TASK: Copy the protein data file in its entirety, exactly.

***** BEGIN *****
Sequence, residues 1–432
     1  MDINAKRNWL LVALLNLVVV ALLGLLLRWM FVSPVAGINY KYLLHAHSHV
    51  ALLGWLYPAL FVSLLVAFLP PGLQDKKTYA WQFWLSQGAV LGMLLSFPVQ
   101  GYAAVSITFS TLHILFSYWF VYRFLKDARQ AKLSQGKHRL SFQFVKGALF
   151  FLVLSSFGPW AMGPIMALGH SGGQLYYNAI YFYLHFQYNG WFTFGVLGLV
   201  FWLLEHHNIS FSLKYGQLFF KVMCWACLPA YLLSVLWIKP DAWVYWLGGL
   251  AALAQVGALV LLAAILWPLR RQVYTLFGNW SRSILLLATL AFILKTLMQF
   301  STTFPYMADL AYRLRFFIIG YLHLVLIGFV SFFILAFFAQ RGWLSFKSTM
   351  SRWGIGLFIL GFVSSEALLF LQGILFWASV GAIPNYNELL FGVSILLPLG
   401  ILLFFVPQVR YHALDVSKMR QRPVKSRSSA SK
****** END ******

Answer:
Sequence, residues 1–432
     1  MDINAKRNWL LVALLNLVVV ALLGLLLRWM FVSPVAGINY KYLLHAHSHV
    51  ALLGWLYPAL FVSLLVAFLP PGLQDKKTYA WQFWLSQGAV LGMLLSFPVQ
   101  GYAAVSITFS TLHILFSYWF VYRFLKDARQ AKLSQGKHRL SFQFVKGALF
   151  FLVLSSFGPW AMGPIMALGH SGGQLYYNAI YFYLHFQYNG WFTFGVLGLV
   201  FWLLEHHNIS FSLKYGQLFF KVMCWACLPA YLLSVLWIKP DAWVYWLGGL
   251  AALAQVGALV LLAAILWPLR RQVYTLFGNW SRSILLLATL AFILKTLMQF
   301  STTFPYMADL AYRLRFFIIG YLHLVLIGFV SFFILAFFAQ RGWLSFKSTM
   351  SRWGIGLFIL GFVSSEALLF LQGILFWASV GAIPNYNELL FGVSILLPLG
   401  ILLFFVPQVR YHALDVSKMR QRPVKSRSSA SK